Tuesday, January 8, 2008

Lee Kuan Yew: Singapore “not ready” for a non-Chinese PM

Who really is “not ready” for a non-Chinese PM?
By Gerald Giam

The recent announcement of Mr Tharman Shanmugaratnam's promotion to Finance Minister — in addition to his current Education portfolio — set many of tongues wagging as to whether he might be the successor to Prime Minister Lee Hsien Loong many moons from now. This in turn sparked a debate in the Straits Times as to whether Singaporeans (read: the Chinese-speaking majority) are ready to accept and support a non-Chinese prime minister.

This isn't the first time this issue has surfaced. Mr Lee Kuan Yew once said that former Cabinet Minister S. Dhanabalan was one of the four men he considered as his successor, but decided against him as he felt Singapore was "not ready" for a non-Chinese prime minister. That was almost 20 years ago.

Fast forward to the year 2007, and this whole mantra of "Singaporeans are not ready for a non-Chinese PM" is getting very tiresome to listen to. It seems to be most repeated among the English-educated, ethnic Chinese elites, many of whom have little regular contact with both Chinese-speaking "heartlanders" and ethnic minorities. These elites assume that they know the thinking of the Chinese ground. Yet I wonder whether they are just using this as a cover for their own primordial mindsets.

Here are some of the arguments (undoubtedly from these elites) that have been put forth against having a non-Chinese PM:

"I am a realist and am inclined to agree with Mr S. Dhanabalan that Chinese Singaporeans are not ready to accept a non-Chinese prime minister….This is the reality and fact of life that we cannot pretend that such mindset does not exist."

(Straits Times Forum, 1 Dec 07)


"If anything, the ascendency (sic) of China in this century is the very reason why Singapore CANNOT have a non-Chinese Singaporean as leader….A potential Malay candidate as leader will never do because of the region we are in. Neither is an Indian one wise since India is on a headlong fight for economic and political influence with China."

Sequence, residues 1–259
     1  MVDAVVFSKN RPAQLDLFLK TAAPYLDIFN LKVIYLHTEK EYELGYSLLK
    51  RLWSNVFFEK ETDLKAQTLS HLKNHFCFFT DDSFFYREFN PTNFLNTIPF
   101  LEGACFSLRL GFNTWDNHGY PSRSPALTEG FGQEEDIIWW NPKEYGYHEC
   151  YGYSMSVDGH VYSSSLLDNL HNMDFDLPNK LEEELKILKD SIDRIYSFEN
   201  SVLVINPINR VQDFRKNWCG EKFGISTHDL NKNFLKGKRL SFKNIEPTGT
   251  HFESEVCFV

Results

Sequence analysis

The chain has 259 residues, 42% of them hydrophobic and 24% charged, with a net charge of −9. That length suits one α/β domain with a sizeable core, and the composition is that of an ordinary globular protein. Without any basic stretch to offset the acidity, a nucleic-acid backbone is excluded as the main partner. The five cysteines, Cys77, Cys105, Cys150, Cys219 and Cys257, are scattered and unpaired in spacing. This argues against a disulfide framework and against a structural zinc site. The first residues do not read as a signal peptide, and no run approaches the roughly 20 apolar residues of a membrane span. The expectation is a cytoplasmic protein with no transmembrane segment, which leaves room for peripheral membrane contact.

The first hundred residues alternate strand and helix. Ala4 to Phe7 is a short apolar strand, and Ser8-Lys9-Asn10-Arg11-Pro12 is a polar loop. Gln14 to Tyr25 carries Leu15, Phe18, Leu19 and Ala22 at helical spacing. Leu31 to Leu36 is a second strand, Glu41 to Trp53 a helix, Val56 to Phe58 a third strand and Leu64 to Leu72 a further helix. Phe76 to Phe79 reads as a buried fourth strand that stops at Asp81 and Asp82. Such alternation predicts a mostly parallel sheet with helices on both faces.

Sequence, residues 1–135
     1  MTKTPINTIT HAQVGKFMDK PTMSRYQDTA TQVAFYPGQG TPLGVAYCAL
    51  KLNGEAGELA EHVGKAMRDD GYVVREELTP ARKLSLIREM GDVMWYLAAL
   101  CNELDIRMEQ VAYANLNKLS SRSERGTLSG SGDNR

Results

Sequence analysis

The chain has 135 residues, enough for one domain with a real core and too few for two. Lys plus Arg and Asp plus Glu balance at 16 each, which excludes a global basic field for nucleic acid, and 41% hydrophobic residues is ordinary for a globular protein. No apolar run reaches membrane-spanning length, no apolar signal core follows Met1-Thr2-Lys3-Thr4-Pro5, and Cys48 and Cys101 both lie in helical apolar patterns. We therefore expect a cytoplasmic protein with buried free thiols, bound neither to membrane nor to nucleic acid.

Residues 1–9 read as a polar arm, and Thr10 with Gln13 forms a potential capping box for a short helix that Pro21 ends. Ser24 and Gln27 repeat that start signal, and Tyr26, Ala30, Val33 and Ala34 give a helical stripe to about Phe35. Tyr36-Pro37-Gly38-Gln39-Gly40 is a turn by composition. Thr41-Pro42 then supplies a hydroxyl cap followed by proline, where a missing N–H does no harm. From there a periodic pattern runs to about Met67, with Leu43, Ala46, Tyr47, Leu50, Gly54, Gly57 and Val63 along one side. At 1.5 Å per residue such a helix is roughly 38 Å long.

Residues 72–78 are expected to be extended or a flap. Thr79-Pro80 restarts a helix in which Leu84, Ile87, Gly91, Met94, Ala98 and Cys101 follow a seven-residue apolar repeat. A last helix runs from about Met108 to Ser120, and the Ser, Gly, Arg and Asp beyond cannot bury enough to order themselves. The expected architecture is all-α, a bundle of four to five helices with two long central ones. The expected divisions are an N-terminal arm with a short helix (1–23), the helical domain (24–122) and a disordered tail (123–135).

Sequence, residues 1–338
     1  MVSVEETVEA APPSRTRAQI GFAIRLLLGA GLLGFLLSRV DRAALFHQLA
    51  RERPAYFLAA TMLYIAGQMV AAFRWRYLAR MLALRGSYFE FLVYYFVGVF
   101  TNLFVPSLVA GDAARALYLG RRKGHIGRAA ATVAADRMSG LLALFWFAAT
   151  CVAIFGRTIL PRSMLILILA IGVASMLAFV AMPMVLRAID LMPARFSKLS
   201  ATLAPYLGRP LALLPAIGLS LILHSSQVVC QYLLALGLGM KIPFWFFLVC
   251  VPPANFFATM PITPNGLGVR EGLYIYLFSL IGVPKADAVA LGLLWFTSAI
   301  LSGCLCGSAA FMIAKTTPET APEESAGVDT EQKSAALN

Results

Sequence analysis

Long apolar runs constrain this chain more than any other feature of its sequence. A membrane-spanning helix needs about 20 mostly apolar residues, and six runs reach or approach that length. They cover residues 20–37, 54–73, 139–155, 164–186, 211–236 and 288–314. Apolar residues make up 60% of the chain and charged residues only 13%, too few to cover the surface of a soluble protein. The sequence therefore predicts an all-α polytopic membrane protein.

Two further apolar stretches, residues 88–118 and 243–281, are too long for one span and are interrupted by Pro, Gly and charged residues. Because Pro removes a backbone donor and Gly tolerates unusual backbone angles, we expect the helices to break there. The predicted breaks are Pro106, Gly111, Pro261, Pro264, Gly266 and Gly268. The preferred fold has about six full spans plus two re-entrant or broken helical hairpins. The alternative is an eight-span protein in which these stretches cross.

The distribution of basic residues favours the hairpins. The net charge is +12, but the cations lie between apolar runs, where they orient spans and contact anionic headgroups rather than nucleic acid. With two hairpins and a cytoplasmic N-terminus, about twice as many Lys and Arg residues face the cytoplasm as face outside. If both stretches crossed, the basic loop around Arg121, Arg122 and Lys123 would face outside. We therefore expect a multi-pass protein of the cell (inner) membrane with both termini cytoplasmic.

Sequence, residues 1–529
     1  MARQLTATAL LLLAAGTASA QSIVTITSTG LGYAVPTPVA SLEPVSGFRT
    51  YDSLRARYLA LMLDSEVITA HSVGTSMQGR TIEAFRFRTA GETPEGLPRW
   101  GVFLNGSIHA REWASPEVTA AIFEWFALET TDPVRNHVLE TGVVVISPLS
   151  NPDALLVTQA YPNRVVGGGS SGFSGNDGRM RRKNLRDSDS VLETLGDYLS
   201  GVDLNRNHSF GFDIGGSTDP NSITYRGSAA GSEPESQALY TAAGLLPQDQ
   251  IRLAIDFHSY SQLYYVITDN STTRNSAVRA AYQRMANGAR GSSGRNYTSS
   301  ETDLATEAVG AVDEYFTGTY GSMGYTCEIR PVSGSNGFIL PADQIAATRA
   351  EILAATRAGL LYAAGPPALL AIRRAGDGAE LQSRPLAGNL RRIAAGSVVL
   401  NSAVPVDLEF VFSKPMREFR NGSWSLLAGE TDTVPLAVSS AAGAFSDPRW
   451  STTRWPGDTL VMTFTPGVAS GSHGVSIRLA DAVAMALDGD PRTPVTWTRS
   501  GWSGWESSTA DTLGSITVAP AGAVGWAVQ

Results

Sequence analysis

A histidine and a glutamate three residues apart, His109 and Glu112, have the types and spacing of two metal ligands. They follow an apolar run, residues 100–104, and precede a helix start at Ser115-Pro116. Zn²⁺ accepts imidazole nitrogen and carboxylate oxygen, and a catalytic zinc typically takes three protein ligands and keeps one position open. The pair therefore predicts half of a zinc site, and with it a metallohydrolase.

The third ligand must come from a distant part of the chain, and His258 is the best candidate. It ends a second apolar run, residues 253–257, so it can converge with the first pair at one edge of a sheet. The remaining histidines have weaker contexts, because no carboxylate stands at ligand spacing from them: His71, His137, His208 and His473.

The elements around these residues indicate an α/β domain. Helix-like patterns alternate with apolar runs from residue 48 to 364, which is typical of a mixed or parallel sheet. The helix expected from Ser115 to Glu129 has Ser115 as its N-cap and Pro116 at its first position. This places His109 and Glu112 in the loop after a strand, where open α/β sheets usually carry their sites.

(Comment on ST Forum, 5 Dec 07)


"Let's be realistic. A majority chinese Singapore will never accept a non chinese PM. Even, i cannot accept it. I am not a racist fyi. Let me tell you why. First, we are a tiny island surrounded by hostile malay/muslim nation similar to Israel…"

(HardwareZone Forum, 30 Nov 07)


I find it hard to reconcile how a country that prides itself in meritocracy and rubbishes its neighbour up north for their racialist policies, apparently has the strongest proponents of meritocracy still harbouring this mindset. It reminds me of the oft-repeated mantra that Malay Singaporeans cannot be placed in sensitive positions in the military because their loyalty in times of war may be questionable.

The political reality in Singapore is that it is not up to the Chinese masses to choose their prime minister. Unlike in the US, the electorate does not directly elect their head of government. It is effectively the ruling party (or more specifically the PAP Central Executive Committee and its cadres) which chooses the prime minister, because the head of the ruling party is usually made the PM.

This means that if an eminently qualified minority is passed over for the prime ministership, it is because our elites do not want him there, not because "Singaporeans are not ready".

Having said that, if it is true that Mr Shanmugaratnam is being groomed to be the next prime minister based solely on the merit of his abilities and character, then I applaud PM Lee for his progressive mindset.

There are so many areas in which Singaporeans were "not ready", yet the government pushed through policies for what it deemed was in the country's best interest. National service, English medium education, the casinos, CPF rate cuts and ministerial salaries are just a few that come to mind. Isn't choosing the best qualified man or woman to lead the country, regardless of race or religion, far more important that all these policies?

This article was first published in theonlinecitizen.com

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